And environmental justice was really just trying to disrupt that image of climate change — not saying that the polar bears were not important, but really to also refocus back on neighborhood-level impacts that are happening. So in 2006, there was a lot of tension and conflict of trying to rescale, or reconceptualize what climate change meant. This conflict was really centered around traditional environmentalist, or what some people may call mainstream environmentalist, such as the NRDC, the Natural Resources Defense Council, and EDF, the Environmental Defense Fund, that really wanted to focus on that global and statewide scale and did not want to focus on public health, for the most part, and local impacts. So that was the main tension there of what type of policy were we going to be moving forward with and centering? Was it going to be the global, statewide perspective or was it going to be one focused on local health and local neighborhoods?
Well, I want to dig into that more in just a second, but you mentioned that you started this book while you were working in the State Legislature and during some of your earlier career experiences. So let’s talk a little bit more about your background and how you really started working on environmental justice. And you grew up in a Latino immigrant community in Los Angeles. So how has that experience growing up in that community influenced your work today?
It most definitely influenced my work. I really approach it — and I’m very clear about my positionality or my lived and embodied experience — I grew up in a communities of Los Angeles that face multiple environmental threats, either the siting of landfills, dealing with a lot of pollution in smog or facilities that were creating a lot of local pollution. I saw how these were impacting my neighbors, my community members and family members, either in terms of respiratory diseases like asthma, cancer rates. And at the same time, I saw community groups trying to resist some of these forms of environmental racism and environmental inequalities, and campaign against expansions of these toxic or noxious facilities.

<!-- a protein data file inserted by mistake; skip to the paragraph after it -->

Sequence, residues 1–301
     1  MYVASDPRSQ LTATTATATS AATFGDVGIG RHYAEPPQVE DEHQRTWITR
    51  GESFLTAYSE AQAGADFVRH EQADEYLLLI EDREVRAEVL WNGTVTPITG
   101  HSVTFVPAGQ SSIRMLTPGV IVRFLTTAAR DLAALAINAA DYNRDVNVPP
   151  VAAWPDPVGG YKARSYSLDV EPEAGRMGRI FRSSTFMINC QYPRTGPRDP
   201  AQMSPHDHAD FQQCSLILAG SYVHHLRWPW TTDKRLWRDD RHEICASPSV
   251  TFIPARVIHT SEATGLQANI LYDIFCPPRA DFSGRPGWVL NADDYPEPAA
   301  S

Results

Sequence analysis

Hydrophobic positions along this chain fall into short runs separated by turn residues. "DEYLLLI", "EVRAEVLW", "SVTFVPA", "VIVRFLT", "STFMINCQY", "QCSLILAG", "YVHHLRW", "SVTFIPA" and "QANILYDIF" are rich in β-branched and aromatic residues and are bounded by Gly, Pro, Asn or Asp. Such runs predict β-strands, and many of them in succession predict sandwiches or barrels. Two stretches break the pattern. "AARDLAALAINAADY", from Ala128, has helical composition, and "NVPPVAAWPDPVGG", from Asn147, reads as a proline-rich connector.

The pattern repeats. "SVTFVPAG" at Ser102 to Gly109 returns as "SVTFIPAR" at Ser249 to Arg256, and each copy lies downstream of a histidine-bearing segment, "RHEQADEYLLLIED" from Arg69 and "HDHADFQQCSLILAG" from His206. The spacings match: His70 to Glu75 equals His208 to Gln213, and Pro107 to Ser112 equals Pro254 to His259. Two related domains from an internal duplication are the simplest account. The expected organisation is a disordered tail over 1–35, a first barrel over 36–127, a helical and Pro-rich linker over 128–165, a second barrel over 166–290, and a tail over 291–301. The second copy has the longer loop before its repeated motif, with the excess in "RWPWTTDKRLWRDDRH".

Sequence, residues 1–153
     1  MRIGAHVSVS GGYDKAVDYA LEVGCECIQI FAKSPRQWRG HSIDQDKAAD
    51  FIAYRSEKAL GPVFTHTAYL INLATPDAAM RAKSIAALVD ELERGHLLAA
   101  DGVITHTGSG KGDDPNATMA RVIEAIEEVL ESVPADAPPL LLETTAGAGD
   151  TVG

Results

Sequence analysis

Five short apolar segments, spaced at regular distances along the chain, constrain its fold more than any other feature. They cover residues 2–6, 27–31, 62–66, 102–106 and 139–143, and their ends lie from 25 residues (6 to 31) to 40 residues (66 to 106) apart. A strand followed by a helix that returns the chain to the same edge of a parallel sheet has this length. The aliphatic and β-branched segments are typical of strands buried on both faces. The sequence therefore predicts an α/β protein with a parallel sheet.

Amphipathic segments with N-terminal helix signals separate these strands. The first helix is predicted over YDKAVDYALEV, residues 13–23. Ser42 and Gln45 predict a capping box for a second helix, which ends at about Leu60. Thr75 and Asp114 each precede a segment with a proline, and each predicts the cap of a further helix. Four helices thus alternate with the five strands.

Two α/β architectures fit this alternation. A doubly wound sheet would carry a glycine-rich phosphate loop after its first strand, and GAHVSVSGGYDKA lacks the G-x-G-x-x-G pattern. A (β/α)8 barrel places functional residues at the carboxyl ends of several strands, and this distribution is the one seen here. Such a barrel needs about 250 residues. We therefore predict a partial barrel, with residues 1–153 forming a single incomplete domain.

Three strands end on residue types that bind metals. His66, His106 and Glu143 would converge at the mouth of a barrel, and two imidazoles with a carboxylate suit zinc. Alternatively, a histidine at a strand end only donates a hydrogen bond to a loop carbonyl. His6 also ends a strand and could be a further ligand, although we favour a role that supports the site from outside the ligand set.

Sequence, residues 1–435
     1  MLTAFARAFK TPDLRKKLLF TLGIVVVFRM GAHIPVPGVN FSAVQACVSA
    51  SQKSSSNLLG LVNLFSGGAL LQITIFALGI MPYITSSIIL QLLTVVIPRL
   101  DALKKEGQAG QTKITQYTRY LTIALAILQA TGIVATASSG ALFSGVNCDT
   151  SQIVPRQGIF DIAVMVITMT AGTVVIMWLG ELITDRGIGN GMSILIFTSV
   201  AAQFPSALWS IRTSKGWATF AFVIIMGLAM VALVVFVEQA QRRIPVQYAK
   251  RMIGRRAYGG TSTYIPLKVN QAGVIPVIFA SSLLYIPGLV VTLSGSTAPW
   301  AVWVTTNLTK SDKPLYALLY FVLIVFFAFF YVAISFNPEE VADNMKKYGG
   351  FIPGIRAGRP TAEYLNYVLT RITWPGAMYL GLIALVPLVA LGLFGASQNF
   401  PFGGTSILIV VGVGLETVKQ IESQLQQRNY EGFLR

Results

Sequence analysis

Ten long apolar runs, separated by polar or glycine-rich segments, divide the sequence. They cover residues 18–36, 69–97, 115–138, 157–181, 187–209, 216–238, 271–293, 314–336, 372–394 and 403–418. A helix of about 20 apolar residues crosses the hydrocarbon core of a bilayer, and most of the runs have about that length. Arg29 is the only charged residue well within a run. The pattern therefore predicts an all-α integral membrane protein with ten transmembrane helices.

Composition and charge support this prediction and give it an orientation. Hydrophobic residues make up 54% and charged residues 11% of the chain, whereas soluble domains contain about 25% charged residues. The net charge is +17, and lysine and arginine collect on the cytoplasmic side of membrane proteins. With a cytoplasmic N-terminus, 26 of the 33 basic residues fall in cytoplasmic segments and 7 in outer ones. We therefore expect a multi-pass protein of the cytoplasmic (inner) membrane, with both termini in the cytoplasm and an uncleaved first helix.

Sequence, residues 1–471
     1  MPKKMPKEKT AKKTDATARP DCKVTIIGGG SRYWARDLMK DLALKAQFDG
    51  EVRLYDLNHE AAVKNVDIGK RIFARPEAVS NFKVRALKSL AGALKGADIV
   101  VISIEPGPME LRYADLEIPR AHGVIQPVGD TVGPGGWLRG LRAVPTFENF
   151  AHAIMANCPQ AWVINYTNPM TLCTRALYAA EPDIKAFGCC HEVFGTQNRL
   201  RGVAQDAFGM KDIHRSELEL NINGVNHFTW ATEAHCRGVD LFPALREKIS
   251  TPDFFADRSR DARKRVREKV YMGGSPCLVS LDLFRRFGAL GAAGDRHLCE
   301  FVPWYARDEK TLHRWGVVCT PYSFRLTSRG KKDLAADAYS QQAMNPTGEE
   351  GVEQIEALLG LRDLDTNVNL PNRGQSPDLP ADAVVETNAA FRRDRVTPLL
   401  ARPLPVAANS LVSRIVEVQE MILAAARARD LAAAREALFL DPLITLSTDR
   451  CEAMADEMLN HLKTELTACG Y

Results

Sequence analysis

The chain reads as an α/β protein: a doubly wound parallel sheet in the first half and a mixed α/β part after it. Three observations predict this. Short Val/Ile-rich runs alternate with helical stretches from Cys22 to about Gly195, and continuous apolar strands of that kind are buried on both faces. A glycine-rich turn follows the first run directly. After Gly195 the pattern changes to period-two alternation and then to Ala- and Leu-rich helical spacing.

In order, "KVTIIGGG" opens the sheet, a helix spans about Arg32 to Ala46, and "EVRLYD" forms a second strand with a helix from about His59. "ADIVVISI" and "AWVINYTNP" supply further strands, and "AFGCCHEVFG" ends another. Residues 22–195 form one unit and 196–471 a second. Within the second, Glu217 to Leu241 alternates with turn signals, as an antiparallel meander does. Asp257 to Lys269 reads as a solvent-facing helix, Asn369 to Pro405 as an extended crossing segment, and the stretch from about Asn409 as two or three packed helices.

So that really inspired me at an early age of the power of social movements, and to question, why did the largely a Latino, immigrant, working-class community that I lived in look the way it did and have so many environmental hazards in our community. So that eventually led me to looking at the field of urban planning because that really looks at not only the sociological theories but also the political factors, and really trying to connect theory with practice, and come up with substantive policy solutions, both at the local, statewide and national and global levels. And that eventually led me to pursue those degrees in urban planning. And I spent several years in Sacramento, focusing on environmental justice at a statewide level.
Well, and you will soon be able to bring some of that perspective to the Los Angeles Regional Water Quality Control Board, where you were recently appointed to that board. So congratulations, first of all. But what kind of perspective do you really hope to bring to that board?